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## AP®︎ Calculus AB (2017 edition)

### Course: AP®︎ Calculus AB (2017 edition)>Unit 4

Lesson 7: Derivatives of logarithmic functions

# Worked example: Derivative of log₄(x²+x) using the chain rule

Let's explore a worked example of differentiating the logarithmic function log₄(x²+x) using the chain rule. Leveraging our understanding of the derivative of logₐ(x), we simplify the complexities of composite functions, making differentiation more approachable and fun!

## Want to join the conversation?

• Hi, I don't quite understand how log base 4 of x is equal to 1/(ln4 * x). Could someone please explain this in more detail than he did in the video?
• In the video, he is talking about the differentiation of a logarithm with a different base. It is done like this:

You have:
y=log(base 4)(x)

Apply the change of base rule for logarithms:
y= log(base e)(x) / log(base e)(4)

I'll re-write so you can see it clearer (rewriting log(base e) as ln):
y=ln(x)/ln(4)
y= 1/ln(4) * ln(x)

Differentiate now:
dy/dx = 1/ln(4) * 1/x (since 1/ln(4) is just a constant)
dy/dx = 1/(xln(4) )
• I'm super confused here

why wouldn't the answer be ln((x^2)+x)/ln(4)?
(I'm using the "log base a times b=log base c times b / log base c times a" that he showed us earlier)

or if not that then 2x+1/ln(4)x
(taking derivatives of both and multiplying them together)

Could someone tell me which rules to use and when to use them?
thx so much!
• log_4 (x^2 + x) d/dx = ln(x^2+x)/ln(4) d/dx

let u = x^2 + x

=> y = ln(u)/ln(4)

=> dy/du = 1/(u*ln(4))

du/dx = 2x + 1

dy/du * du/dx = dy/dx

=> 1/(u*ln(4)) * (2x + 1) = (2x + 1)/(u*ln(4))

Substitute u = x^2 + x gives

(2x + 1) / (u * ln(4) ) = (2x+1) / ((x^2+x) * ln(4))

So you first you apply the log law that gives ln((x^2)+x)/ln(4). Then you just apply chain rule.

When apply chain rule on ln(f(x)) to differentiate that becomes

f'(x)/ f(x). So ln(f(x)) d/dx = f'(x)/f(x).
• Can someone please link the video Sal mentions about 'scaling the whole expression by lnx' ?
• Hi, I attempted to differentiate the log function by splitting composite function into two logs equations and differentiating them and then added the final two differentiated log equations and got 3/xln4. Why did this technique not work?
• It's not clear the steps that you took in this differentiation. Please be more specific.
• how is it composite function?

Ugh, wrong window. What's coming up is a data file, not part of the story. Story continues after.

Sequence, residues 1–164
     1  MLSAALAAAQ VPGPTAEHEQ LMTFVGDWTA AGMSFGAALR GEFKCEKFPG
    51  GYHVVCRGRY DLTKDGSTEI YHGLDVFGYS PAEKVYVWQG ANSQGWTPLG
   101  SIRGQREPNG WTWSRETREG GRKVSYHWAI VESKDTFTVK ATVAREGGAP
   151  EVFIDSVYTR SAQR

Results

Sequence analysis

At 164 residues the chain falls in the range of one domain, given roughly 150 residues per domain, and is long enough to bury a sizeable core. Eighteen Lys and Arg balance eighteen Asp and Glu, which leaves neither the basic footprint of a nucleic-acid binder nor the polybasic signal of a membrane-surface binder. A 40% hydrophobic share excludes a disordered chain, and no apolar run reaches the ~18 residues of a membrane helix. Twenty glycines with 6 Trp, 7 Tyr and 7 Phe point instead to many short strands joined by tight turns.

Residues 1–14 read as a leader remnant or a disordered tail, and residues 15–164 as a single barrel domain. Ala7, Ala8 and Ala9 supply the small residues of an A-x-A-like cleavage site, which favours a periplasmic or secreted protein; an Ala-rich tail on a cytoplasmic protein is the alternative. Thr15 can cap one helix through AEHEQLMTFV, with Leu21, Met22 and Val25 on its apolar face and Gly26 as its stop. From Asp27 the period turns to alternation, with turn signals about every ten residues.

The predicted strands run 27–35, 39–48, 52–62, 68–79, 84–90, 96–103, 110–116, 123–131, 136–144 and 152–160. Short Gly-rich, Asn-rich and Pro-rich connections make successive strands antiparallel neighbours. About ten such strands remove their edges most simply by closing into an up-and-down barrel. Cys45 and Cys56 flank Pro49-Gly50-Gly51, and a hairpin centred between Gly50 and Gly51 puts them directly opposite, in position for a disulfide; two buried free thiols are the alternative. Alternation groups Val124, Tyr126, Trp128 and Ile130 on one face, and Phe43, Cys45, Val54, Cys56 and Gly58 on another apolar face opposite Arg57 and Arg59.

• The outer function is a logarithmic function and the inner function is a quadratic function. After all, log(x) is very different from log(ax^2+bx+c).
• What is the derivative of y = log x / (log (x) - 5) ?
• You can use the quotient rule. y'=(d/dx[log(x)] * (log(x) - 5) - d/dx[log(x) - 5] * log(x)) / (log(x)-5)^2 = -5/(ln(10)x(log(x) - 5)^2)
• What if the log base is smaller than e? Since that could make the derivative minus, even though the function may not be.
• That's no trouble. log₂(x²+x)=ln(x²+x)/ln(2), which is still positive. log(a) is negative only if a<1, and logarithms with bases less than 1 are undefined.
• @ shouldn't there be an x after ln4
(1 vote)
• for v(x) it would, but this is v(u(x)). The x in v(x) is replaced with u(x)
• What about functions like logbase4(x^2+1)^3 or logbase2(2x-4)^1/3? How would we find the derivative of them?
• (log_4 (x^2+1)^3 ) d/dx =

(log_e (x^2+1)^3 / log_e 4) d/dx

Since log_e 4 is just constant you can just factor it out.

To find the derivative of log_e (x^2+1)^3 use chain rule. You will often find many cases like expoential, trigonmetric, logarithmic, inverse trigonometric expressions in which you need to use chain rule so can find the derivative so you need to be comfortable with it.

Next substitute u= (x^2 + 1)^3, meaning du/dx = 6x(x^2 + 1)^3. Again you can you can use chain rule for the derivative of (x^2 + 1)^3 by substituting another variable or just taking the derivative of the inside and outside. And similarly since log_e u = y => dy/du = 1/u.

dy/du * du/dx = 1/u *6x(x^2 + 1)^3 = dy/dx. Obviously you need by log_e 4 for the actual derivative and the du cancels out in the multiplication as you`re dividing du by itself lim_u->0 u / lim_u->0 u where du = lim_u->0 u.